A few years ago, there was not much interest in solar technology in South Africa. Today, businesses and government increasingly regard it as a cost-effective alternative energy generator with huge potential to help deliver lower-cost energy, encourage job creation and stimulate local economies, according to Gareth Warner, MD of Solarcentury Africa
“By 2030, installed solar energy capacity is expected to reach over 8,400MW. Government has signed power purchase agreements (PPAs) for over 1,450 MW from solar photovoltaic (PV) projects,” he said.
Warner says South Africa’s climate is ideal for solar. “Most areas in the country average more than 2,500 hours of sunshine per year, among the highest in the world, thanks to its sub- equatorial position. The more light the panels receive, the more electricity they generate – but they work on cloudy days too.”
He says solar is growing in popularity given the rising electricity costs.
“While there is an initial outlay cost, it can be recouped after five to eight years on average. That’s an attractive internal rate of return (IRR) especially considering solar electricity is free after the initial payback period,” Warner stated.
The Jasper Photovoltaic solar energy project
All commercial operations on the 96MW Jasper Solar Power Project, Northern Cape, South Africa, were completed in October 2014.
This was recently announced by SolarReserve, a global developer of solar power projects and solar thermal technology.
The project is near Kimberley and produces 180,000MW-hours of energy annually for the country – enough to power up to 80,000 homes.
The consortium that led the development of the project included Intikon Energy, the Kensani Group, Rand Merchant Bank and Google. This was Google’s first clean energy investment in Africa.
The fully operational photovoltaic (PV) facility plays a part in helping South Africa meet its renewable energy targets, in addition to stimulating long-term economic development and creating new jobs.
In 2011, SolarReserve joined local investors and developers to develop large-scale photovoltaic solar energy projects.
The Jasper Power Project was awarded by the South Africa Department of Energy in the second round of bidding under South Africa’s Renewable Energy Independent Power Producer Procurement Programme (REIPPPP).
Jasper began full construction on site in October 2013, and achieved full commercial operations a year later.
Benefits of the project include clean, zero-emission solar energy, direct and indirect employment, and the fact that 45% of the total project value is local content spend.
Another benefit is preferential procurement – 60% of the local content is with black economic empowerment providers.
Over R2billion (more than $18 billion) will be spent on operations and maintenance costs during the 20-plus years’ operating life-span.
Using solar power to connect South African schools to the internet
Earlier this year, a pioneering school project in South Africa’s Gauteng Province harnessed the latest renewable energy technologies. The school connects teachers and pupils to the internet, bringing them into the digital age while using renewable energy.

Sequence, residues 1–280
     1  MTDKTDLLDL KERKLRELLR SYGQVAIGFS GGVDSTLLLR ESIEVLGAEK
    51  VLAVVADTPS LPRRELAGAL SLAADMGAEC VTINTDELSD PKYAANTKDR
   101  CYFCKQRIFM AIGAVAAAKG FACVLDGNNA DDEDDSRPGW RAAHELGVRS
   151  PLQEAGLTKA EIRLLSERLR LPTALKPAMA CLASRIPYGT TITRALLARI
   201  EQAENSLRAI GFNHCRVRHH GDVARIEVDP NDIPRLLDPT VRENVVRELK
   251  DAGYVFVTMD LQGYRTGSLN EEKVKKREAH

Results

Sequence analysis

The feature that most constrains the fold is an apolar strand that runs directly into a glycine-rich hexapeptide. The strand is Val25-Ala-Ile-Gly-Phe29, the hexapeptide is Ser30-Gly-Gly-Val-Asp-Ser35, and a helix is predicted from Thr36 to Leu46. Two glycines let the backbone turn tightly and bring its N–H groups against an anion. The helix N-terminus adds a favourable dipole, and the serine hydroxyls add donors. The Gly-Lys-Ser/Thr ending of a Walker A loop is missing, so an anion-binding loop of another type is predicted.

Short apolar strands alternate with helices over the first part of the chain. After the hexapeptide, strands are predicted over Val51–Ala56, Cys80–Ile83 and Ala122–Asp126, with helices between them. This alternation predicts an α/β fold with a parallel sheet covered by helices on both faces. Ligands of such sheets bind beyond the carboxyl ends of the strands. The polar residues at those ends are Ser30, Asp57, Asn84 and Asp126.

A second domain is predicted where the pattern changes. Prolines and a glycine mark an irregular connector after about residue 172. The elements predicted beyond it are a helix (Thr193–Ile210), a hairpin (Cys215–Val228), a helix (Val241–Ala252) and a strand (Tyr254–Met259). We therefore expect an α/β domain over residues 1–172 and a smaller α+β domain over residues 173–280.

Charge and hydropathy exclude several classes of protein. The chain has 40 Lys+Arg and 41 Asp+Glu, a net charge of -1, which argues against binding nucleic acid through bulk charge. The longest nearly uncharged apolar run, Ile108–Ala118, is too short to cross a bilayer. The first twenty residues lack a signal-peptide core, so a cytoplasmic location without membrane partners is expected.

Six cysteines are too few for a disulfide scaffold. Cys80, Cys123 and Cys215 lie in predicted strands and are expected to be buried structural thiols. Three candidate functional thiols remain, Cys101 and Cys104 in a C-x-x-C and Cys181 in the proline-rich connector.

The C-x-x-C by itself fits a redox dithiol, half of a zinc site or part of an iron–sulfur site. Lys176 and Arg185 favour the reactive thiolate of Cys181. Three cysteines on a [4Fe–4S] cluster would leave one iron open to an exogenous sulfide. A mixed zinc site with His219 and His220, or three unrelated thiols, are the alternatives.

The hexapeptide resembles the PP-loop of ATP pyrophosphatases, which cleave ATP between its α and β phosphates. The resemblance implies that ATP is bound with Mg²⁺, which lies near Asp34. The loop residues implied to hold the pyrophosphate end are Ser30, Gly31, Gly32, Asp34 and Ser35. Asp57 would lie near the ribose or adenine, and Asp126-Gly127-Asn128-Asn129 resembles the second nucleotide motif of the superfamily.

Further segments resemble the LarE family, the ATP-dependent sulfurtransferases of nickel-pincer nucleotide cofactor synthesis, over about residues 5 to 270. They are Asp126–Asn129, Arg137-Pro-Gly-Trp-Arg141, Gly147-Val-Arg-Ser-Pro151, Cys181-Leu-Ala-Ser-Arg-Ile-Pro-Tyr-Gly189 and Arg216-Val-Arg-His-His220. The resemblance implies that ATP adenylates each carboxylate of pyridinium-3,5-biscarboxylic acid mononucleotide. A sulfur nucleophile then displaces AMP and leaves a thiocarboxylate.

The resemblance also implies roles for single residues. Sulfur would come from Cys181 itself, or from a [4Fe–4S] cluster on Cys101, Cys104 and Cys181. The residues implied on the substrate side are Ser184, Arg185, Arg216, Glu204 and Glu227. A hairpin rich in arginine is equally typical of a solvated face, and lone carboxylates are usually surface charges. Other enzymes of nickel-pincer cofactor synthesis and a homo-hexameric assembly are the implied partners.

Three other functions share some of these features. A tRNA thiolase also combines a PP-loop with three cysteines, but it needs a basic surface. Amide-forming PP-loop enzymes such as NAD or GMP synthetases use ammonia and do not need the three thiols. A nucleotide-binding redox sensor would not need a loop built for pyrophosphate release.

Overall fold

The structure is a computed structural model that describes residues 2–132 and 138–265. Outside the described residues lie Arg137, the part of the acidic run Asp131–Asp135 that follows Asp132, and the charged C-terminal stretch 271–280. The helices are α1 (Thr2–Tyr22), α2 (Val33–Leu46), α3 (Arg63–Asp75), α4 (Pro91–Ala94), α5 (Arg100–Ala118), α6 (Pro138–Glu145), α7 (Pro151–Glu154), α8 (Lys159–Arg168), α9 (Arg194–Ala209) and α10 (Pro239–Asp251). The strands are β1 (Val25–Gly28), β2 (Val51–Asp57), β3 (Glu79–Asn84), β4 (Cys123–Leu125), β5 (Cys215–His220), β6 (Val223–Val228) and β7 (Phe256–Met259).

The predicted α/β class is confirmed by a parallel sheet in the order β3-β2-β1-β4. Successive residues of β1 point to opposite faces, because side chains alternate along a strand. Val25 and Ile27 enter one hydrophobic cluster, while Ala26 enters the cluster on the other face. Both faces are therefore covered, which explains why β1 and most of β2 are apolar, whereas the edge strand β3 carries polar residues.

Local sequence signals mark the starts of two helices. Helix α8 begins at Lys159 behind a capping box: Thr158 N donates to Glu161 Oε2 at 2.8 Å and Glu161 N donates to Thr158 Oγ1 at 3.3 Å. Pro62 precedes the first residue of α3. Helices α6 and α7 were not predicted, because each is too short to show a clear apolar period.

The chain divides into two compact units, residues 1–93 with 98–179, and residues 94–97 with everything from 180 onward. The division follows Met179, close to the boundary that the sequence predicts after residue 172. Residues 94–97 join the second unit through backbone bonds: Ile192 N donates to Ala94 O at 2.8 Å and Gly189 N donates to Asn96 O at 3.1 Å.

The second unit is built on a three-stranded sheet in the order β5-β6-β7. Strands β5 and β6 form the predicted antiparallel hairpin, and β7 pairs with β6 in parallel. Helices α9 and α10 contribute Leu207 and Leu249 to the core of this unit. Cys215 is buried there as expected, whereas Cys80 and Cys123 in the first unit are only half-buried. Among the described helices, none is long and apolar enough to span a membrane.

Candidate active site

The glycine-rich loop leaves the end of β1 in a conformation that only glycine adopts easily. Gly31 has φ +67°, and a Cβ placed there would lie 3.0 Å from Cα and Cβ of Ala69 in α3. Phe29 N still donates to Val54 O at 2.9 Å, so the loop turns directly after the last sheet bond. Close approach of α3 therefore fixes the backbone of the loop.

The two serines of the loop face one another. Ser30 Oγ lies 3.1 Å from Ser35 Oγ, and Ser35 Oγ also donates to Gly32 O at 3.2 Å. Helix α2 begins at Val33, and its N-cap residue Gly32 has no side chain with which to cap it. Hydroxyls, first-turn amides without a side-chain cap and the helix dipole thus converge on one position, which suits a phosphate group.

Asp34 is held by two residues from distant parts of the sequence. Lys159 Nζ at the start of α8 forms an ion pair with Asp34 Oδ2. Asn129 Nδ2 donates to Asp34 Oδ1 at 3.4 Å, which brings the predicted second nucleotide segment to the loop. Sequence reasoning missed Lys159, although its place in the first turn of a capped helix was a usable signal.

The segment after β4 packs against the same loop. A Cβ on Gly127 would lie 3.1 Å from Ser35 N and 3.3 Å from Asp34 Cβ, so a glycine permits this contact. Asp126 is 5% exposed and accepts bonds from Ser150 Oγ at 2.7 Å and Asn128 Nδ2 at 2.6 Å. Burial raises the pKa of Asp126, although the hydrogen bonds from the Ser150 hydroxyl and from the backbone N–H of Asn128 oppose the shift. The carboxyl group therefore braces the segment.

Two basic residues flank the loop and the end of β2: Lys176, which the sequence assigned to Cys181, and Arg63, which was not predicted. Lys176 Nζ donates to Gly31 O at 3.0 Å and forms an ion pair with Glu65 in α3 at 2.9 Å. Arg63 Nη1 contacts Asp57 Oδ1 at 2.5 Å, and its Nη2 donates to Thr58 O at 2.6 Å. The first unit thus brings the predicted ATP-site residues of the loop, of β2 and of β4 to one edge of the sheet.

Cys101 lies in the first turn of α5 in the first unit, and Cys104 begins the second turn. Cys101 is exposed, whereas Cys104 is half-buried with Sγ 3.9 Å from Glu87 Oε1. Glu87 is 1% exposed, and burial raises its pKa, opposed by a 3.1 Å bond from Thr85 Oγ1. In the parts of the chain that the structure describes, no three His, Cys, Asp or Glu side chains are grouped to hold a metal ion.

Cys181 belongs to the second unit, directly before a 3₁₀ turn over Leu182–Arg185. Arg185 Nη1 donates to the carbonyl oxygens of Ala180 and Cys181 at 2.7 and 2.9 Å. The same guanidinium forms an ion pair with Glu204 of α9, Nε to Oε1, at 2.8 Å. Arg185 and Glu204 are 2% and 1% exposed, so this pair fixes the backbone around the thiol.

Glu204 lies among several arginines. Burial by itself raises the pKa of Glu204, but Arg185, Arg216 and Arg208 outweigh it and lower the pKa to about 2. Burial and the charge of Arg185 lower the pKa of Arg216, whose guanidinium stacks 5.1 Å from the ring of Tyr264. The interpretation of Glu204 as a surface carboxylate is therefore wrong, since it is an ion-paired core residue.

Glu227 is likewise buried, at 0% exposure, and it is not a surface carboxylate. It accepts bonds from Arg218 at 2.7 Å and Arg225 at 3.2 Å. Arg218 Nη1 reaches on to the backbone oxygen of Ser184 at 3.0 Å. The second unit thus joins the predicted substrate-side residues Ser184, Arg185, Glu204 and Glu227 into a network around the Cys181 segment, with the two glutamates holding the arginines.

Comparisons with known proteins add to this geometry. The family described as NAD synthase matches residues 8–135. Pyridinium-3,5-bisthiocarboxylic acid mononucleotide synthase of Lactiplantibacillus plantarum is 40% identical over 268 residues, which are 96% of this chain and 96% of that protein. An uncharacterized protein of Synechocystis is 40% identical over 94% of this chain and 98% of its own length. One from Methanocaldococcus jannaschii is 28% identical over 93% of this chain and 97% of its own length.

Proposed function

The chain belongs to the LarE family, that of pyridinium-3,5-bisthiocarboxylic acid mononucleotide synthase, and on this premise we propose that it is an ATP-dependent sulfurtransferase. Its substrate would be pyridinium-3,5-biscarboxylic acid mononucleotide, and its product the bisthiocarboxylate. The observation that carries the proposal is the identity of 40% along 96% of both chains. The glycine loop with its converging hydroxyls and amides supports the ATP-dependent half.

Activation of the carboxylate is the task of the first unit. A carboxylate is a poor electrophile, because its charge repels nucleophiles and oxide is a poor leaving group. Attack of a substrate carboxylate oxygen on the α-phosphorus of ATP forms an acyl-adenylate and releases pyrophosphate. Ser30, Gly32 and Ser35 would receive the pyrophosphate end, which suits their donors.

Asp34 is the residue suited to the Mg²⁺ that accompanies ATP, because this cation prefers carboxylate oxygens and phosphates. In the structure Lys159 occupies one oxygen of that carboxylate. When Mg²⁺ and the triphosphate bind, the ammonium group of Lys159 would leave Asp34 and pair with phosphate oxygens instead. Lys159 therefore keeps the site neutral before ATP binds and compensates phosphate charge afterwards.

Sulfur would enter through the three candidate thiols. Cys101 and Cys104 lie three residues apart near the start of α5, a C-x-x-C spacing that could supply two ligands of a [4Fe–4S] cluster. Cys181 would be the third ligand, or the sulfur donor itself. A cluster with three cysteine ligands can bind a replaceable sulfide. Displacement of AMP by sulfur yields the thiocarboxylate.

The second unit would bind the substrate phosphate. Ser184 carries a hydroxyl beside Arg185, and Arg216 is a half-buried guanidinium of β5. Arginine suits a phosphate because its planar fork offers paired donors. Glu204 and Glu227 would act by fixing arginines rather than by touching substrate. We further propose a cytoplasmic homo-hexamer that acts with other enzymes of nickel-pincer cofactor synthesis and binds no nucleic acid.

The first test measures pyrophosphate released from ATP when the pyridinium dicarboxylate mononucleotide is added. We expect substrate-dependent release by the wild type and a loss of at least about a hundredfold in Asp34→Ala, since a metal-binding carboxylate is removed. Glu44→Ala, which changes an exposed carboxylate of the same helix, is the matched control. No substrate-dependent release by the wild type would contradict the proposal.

Solar-powered internet schools can improve facilities and help attract skilled educators, making a huge difference to the lives of young people, according to theguardian.com website.
The solar-powered internet school at Jiyana Secondary School in Tembisa is supported by Anglo American’s Kumba
Kumba supplies iron ore to the global steel industry.
Last year, Kumba set aside an overall education and training budget of R34.8m ($3.1m). Almost half of that amount was directed towards pre-primary and primary schools to improve facilities and help attract skilled and committed educators.
The solar powered internet schools are designed for isolated and remote areas with limited or no access to electricity.
The Jiyana Secondary School project includes a bio-digester which produces gas to be used for cooking by the school.
The project also includes a waste recycling station, a revamp of existing buildings and a tennis court-sized vegetable garden to help provide food for the pupils and staff.
The vegetable garden is expected to ensure a continued supply of organic waste into the bio-digester, giving the school a sustainable energy source.
“We are planning to support three more solar-powered internet schools in the Tsantsabane and John Taolo Gaetsewe municipalities in the Northern Cape province and the Thabazimbi local municipality in Limpopo,” Anglo American said in a statement.
The company said the communities have limited access to education and the internet.
“We believe that this project can positively transform the lives of young people, connecting them with the modern world.”
Yvonne Mfolo, Kumba’s head of public affairs, said: “We recognise the enormous responsibility to contribute to the wellbeing and prosperity of the communities in which we operate. As education is one of our focus areas, we believe that our clean energy initiatives at schools will have a higher impact, by improving the students’ performance.”
She said the company could be a developmental partner with the communities in which it operates. “This involves taking full account of the needs, priorities and aspirations of the people in the communities, ensuring that we fully understand and take on board their suggestions and feedback. It is through working in partnership that we are able to deliver projects such as these,,” she said.
Quick Facts about the Jasper Plant
• 96 MW-DC installed capacity; 75 MW-AC net generation
• 182,000 MW-hours generated annually
• 2nd Round of REIPPP
• 45% of total project value local content spend
• 325,480 PV modules
• 80,000 homes powered